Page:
Former Catalan police chief Josep Lluis Trapero also faces a sedition charge, accused by a judge of belonging to a “criminal organization” with a  “premeditated strategy that was perfectly coordinated” to break Catalonia away from Spain. The judge also noted that local police disobeyed Spanish government orders in many instances surrounding the referendum.

Puigdemont is not the only one facing extradition, either. Catalan economist and former Councilor of Education Clara Ponsantí fled to Scotland, where she has been arrested pending a decision on extradition for “violent rebellion and misappropriation of public funds.” Ponsanti handed herself into Scottish police, despite describing the charges as “political persecution.”

The status of the detainees as “political prisoners” is up for debate, however some have questioned the validity of rebellion charges, echoing the German judiciary which rejected extradition for Puigdemont on rebellion charges “because evidence of violence is not present.”

Puigdemont, Sanchez, and their compatriots have filed complaints with the U.N. on human rights grounds; so far the institution has requested that Spain “ensure that Mr. Jordi Sánchez I Picanyol can exercise his political rights.”

A Polarized Europe

The European Union has had very little to say on the Catalan issue, avoiding involvement by insisting that it’s a matter for Madrid to deal with. However Germany, the EU’s leading nation, is sending signals that it wants the matter dropped, much to Spain’s outrage.  By refusing to extradite Puigdemont, the Germans have rejected Spain’s mission for vengeance and indicated that they want the two sides to come to an agreement. Puigdemont himself called for dialogue on his release from a German prison.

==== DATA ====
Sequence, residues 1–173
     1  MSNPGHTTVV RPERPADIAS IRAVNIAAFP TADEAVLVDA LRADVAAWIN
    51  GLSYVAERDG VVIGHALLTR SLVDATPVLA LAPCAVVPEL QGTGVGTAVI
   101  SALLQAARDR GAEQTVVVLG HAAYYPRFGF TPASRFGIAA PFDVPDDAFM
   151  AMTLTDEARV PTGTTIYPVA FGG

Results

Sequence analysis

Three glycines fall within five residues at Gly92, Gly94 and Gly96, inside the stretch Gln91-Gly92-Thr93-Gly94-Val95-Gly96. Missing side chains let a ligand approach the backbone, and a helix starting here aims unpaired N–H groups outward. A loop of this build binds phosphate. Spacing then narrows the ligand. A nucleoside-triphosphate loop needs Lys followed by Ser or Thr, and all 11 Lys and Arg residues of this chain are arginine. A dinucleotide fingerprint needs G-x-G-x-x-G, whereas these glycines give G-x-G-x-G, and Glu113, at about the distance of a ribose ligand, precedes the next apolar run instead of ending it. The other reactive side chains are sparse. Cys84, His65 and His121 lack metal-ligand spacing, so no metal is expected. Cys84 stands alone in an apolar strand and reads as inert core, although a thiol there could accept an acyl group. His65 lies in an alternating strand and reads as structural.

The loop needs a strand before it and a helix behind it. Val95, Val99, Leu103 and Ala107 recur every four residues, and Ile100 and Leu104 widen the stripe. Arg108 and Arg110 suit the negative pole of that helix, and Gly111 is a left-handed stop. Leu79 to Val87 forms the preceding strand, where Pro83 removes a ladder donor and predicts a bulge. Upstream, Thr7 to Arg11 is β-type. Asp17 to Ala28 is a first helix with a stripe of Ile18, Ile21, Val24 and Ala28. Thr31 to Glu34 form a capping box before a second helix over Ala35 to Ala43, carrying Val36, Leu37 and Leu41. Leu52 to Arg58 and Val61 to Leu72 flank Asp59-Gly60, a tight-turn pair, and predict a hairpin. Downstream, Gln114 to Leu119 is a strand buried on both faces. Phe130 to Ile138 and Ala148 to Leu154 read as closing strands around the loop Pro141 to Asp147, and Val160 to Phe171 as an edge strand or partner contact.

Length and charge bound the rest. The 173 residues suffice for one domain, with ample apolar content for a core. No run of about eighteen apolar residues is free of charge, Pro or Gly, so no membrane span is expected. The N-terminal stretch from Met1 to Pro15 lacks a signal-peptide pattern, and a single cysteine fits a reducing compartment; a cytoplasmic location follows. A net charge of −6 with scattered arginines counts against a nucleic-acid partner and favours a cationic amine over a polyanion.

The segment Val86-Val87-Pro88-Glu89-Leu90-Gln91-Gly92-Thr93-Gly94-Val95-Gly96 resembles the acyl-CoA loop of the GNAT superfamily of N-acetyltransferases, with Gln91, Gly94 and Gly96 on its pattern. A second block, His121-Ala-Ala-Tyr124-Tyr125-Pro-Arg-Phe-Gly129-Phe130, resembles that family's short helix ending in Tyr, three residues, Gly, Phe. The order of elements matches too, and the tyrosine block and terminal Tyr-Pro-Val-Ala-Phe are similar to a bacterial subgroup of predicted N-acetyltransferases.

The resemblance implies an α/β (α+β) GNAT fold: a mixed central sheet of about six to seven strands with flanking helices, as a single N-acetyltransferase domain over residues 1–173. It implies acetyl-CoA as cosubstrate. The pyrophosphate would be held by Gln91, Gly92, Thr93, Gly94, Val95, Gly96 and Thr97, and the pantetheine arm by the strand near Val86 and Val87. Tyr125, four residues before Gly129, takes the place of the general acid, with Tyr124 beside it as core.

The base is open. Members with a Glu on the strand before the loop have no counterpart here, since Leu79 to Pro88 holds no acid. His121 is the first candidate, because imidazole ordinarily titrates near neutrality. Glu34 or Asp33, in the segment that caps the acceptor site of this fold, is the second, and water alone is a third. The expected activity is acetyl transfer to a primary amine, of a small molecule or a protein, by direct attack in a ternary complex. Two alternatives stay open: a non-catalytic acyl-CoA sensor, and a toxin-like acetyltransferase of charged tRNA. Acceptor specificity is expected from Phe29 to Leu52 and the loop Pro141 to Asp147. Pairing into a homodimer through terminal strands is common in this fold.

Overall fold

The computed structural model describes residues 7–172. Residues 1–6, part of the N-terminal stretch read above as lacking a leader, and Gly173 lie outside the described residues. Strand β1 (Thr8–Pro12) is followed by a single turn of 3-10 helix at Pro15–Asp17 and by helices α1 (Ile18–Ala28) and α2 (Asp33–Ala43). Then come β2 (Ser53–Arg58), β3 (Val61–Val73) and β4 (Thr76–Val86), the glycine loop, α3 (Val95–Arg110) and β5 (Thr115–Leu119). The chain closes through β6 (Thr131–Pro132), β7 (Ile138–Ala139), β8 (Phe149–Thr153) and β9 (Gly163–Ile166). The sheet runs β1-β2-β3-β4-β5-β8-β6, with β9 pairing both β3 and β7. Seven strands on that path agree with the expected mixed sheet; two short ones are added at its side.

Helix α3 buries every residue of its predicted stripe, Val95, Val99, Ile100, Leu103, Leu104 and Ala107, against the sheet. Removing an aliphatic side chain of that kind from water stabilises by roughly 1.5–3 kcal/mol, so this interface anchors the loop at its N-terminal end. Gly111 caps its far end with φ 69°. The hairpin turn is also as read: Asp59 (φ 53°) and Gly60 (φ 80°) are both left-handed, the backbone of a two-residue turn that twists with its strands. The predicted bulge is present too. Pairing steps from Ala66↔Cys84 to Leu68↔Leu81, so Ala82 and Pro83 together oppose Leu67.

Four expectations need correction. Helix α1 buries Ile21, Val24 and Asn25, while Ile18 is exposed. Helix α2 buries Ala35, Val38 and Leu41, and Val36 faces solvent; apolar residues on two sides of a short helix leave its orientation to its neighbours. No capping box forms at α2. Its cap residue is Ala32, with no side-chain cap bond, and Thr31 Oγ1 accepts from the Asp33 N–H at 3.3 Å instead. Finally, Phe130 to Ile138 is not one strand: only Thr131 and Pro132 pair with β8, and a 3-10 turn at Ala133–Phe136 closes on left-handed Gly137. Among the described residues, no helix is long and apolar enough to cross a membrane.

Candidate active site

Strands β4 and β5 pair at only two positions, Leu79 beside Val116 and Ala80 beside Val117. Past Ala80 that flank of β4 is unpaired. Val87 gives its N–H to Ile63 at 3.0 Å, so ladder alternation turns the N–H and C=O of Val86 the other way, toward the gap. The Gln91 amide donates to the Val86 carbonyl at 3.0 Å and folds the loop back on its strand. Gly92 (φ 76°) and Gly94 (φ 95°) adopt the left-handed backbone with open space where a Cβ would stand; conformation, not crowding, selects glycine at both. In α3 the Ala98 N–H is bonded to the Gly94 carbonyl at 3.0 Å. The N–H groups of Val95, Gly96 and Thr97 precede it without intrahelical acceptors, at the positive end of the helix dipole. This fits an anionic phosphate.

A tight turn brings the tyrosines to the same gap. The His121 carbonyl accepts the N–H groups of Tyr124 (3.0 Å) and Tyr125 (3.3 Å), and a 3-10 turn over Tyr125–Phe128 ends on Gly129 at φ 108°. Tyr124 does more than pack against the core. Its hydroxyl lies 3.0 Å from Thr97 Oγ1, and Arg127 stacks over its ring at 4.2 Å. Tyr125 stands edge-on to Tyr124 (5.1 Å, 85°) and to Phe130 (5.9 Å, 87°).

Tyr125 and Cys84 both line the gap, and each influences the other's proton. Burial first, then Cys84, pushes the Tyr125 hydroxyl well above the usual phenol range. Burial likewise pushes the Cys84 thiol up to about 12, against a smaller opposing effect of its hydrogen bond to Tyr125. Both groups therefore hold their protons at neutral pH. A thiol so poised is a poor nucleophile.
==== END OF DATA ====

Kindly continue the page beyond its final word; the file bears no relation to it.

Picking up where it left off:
One gets the impression that the EU simply wishes the whole affair would go away, seeing danger in supporting either side. By supporting Spain, they lose their carefully constructed image as a democracy and human rights champion, while backing the Catalans would only encourage a splintering that goes against their aim of ever closer integration. Either option is fraught with peril, as separatist groups watch carefully across the continent, from Finland to France, Germany to Italy.

Florian Weber, leader of the Bavarian separatist party Bayern Partei in Germany, told Politico:

“The idea of independence is now in the minds of the people…Before this happened in Scotland and Catalonia people said, ‘Oh, that’s not possible’ … Now they say, ‘Maybe it’s possible.’”

In a world that seems increasingly polarized, Catalonia is no exception. The independence question has split opinion in the territory, the nation and potentially the continent. Europe as we know is has only existed for about 100 years thanks to centralization leading up to WWI. Which will win out, a desire for unity or the pull of age-old cultural connections?


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Laura Valkovic

Socio-political Correspondent at

Eclectic in interests and political philosophies, Laura came to journalism after years of working as an educator. Her background as a historian has informed her research and writing styles, as well as her approach to current affairs. Born and raised in Australia, Laura currently resides in Great Britain.